Statistically: Arts graduates do not make money from their craft
Many of us fall in love with the idea of stardom, that big role, the West End, Broadway, Hollywood, Oscars. In reality, the percentage of young artists (I use performing arts as a reference above but the same is true for writers, fine artists and all the rest) who truly “make it”, according to this Guardian article, is less than 2%!
In other words, the odds of achieving the top of your game in ‘the arts’ is 98% likely NOT to happen for fully qualified artists. Yikes!
Fully qualified lawyers, on the other hand, have a 70% guarantee of finding steady employment with excellent renumeration and exceptional benefits during the course of their career. A drama graduate has a (probably less than) 2% chance of delivering that Oscar acceptance speech.
The stories of South Africa’s greatest stars (like this one of Shaleen Surti-Richards) struggling at the end of their lives without the basics like medical aid, proves that artists clearly can not earn a decent living in South Africa. There is also a strong subculture that even glorifies the idea of a humble, struggling artist. I came across it so often as a student.
Possible but improbable
Most of us know that our chances of major success as measured against “the greats” of the industry are statistically unlikely yet the allure of the stage, the screen, the meaning of art itself draws in stampedes of new fresh-faced students to drama schools and universities across the world, every year.
Deep inside each one of them (of us) a little voice, ever so sure that; “I am different, I am the one who will beat the odds, stand out, my talent shines brighter than all, you wait and see…” And why not believe that? There ARE success stories like Charlize Theron, a young girl from Benoni, South Africa with an Oscar on her shelf. It does come true. But statistically it is just cruelly, painfully unlikely.
The young lawyer is not deluding herself if she “believes she will make it.” Statistically, if she works hard, it is quite probable. I worked incredibly hard, earned scholarships, graduated top of my class at the best university and in the most renowned course for Theatre and Performance in South Africa and the moment that I got capped with my degree, December 2005 on my 23rd birthday, I broke out in a cold sweat. I remember being ill for a week. The reality of the statistical likelihood of success in my profession becoming a reality that make me sick over night.
Art as a TOOL (as opposed to art for art’s sake)
I love art. The way it helps us understand an inexplicable world by poking fun at it, mimicking it, drawing metaphors and holding space for our individual and collective experience of being human. We would be lost without rock bands, satirists, sculptures, painters, musicians, poets, orchestras, writers, comedians, galleries, cinemas, theatres, dancers, actors and the rest of the wide array of art professions. There is a famous story that, when asked to cut arts funding for the (2nd World) War effort, Winston Churchill simply replied ‘then what are we fighting for?’ Art is life.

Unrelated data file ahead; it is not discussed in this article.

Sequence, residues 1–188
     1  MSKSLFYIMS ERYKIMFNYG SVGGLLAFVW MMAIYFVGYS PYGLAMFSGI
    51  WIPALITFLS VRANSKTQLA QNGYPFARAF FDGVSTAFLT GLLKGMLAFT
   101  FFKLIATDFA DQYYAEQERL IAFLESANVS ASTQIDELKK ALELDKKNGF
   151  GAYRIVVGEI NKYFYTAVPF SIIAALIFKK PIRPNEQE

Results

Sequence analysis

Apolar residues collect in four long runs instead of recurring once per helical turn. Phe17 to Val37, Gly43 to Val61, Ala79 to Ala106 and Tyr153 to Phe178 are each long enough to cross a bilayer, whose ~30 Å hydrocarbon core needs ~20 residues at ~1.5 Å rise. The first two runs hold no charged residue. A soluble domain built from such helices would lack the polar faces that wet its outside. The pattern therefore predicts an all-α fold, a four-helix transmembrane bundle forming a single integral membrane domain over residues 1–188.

In my opinion, art should (continue to be) in service of humanity. It is a tool for helping us understand the world. It is therapy. It is also be a tool for learning. The South African Curriculum Assessment Policy Statement (CAPS) from the Department of Basic Education says that children from Grade R to 3 MUST BE exposed to and engage with music, movement, character play and fine art AS A MEANS TO learning and understanding.
St(ART) Up! Art-Trepreneur!
Somewhere in my late twenties I became really frustrated about the notion that unless I get really “lucky” as a classic actor, I would probably always have to supplement my income. Financial success stories in arts practises are few and far between but tech start-ups, crypto, finance and big business are filled to the brim with financial success stories.
So what notions could I “steal” from the professions where financial wealth was far more likely? Could I make my own ART-up (start-up)? Why not? I decided that I would rather regret trying than regret not trying.
I decided to arrange my love of the arts, my passion for children and my belief that the intentional application of art as a TOOL for child development into a business model. The idea was to throw (not only as much passion but) as much technology and PR, web development, social media, style and confidence into as the next super funded crypto start-up.
Art in service CAN BE commercially viable
This (ST)ART-UP could not be the next “Tannie” (BLESS those Tannies, I was taught and formed by them) in a church hall doing Eisteddfod practise! It was not going to be term fees in an envelope with pen and paper. It was to become a sleek and sexy automated database; original, insanely cool new, fresh music and learning material; electronic, automatic payments; a super strong brand with a story, mission and vision.
Beginning with a business mindset, building a strong brand identity, coupled with a beautiful goal – the arts in service of child development – has allowed me to be financially successful. We are only 10 years in to building this empire (so we have only begun to reap the rewards, it only gets better from here) but I can proudly say that I am an artist who has created a financially successful business model! In the last ten years, I have travelled the world, bought a home, became a wife, a mother, employed hundreds of young people and helped hundreds of thousands of children development their 21st century skills like: collaboration, creativity, critical thinking and communication.
NOW, Buzz is Franchising and looking for people with that combination personality – a heart for the arts and a head for business!! Read more, here.